Primarily South African natives, the aloes range from 6-in. miniatures to trees; all form clumps of fleshy, pointed leaves and bear branched or unbranched clusters of orange, yellow, cream, or red flowers. Different species bloom every month; biggest show comes from midwinter through summer. Leaves may be green or gray green, often strikingly banded or streaked with contrasting colors.
Showy and easy to grow in well-drained soil in reasonably frost-free areas; need little water but can take more. Except as noted, give full sun in cooler climates, light shade in hotter regions. Where winters are too cold for all-year outdoor culture, grow in pots and shelter from frosts. Most kinds make outstanding container plants. Highly valued as ornamentals, in the ground or in pots.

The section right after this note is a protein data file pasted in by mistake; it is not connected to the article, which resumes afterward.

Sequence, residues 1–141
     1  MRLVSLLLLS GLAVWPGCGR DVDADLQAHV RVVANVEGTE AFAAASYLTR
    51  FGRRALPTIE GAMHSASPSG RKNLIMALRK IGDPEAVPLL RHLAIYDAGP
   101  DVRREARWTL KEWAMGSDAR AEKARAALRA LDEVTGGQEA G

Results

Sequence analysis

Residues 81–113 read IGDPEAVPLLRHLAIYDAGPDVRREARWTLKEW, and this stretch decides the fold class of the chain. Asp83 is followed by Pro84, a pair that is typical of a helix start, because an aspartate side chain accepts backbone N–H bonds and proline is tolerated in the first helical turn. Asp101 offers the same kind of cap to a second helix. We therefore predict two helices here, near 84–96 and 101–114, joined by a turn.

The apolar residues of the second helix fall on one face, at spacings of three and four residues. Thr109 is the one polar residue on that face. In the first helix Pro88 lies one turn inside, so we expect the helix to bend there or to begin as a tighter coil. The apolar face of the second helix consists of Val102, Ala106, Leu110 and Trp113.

Aloe plicatilis (Fan Aloe) is an interesting succulent shrub with gray colored stems that terminate with a fan-like cluster arrangement of the bluish-gray round tipped leaves. Old plants are typically 3-6 feet tall but others in cultivation have been noted to 8 feet. Plants from the wilds of the high rainfall areas of western Cape Mountains of South Africa are reportedly as tall as 15 feet. Each leaf cluster bears one erect 12″ tall unbranched inflorescence bearing an open terminal cluster of tubular orange red flowers in late winter to early spring. Plant in the sun, but away from the hottest afternoon sun and water occasionally during summer months. Hardy to about 23 degrees F. Old leaves drop cleanly away to exposed the attractive smooth trunk.